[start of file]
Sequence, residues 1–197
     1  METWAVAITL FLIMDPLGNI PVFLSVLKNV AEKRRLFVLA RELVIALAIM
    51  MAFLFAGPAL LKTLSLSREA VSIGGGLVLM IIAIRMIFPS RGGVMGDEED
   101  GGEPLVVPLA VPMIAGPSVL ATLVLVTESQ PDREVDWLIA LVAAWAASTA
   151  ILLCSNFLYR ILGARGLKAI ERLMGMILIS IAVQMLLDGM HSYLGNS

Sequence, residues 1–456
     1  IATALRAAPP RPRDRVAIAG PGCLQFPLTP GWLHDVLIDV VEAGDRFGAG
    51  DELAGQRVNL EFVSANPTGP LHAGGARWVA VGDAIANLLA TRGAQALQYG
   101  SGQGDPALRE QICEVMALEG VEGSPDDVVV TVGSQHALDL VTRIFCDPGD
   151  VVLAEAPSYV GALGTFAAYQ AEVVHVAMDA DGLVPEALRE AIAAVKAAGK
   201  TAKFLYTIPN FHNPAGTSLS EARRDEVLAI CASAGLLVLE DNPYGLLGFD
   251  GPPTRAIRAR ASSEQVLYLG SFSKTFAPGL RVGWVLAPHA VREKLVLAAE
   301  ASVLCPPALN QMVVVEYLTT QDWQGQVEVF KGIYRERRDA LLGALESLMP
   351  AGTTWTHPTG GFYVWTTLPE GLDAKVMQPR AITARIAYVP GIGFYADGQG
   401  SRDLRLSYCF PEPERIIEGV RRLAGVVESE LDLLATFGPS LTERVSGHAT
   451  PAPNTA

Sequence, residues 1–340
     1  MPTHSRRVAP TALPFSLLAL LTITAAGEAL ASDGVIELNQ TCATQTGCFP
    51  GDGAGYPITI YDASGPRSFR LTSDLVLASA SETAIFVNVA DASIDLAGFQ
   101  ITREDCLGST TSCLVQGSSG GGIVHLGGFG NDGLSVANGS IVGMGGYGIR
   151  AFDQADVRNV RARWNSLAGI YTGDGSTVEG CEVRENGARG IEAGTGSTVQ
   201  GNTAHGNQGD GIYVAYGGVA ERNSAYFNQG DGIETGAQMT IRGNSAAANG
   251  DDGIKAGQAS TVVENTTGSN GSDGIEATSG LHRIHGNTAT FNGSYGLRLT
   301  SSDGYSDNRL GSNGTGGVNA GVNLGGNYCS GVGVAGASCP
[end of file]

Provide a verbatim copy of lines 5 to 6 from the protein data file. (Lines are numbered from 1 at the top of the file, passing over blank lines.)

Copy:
   151  ILLCSNFLYR ILGARGLKAI ERLMGMILIS IAVQMLLDGM HSYLGNS

Sequence, residues 1–456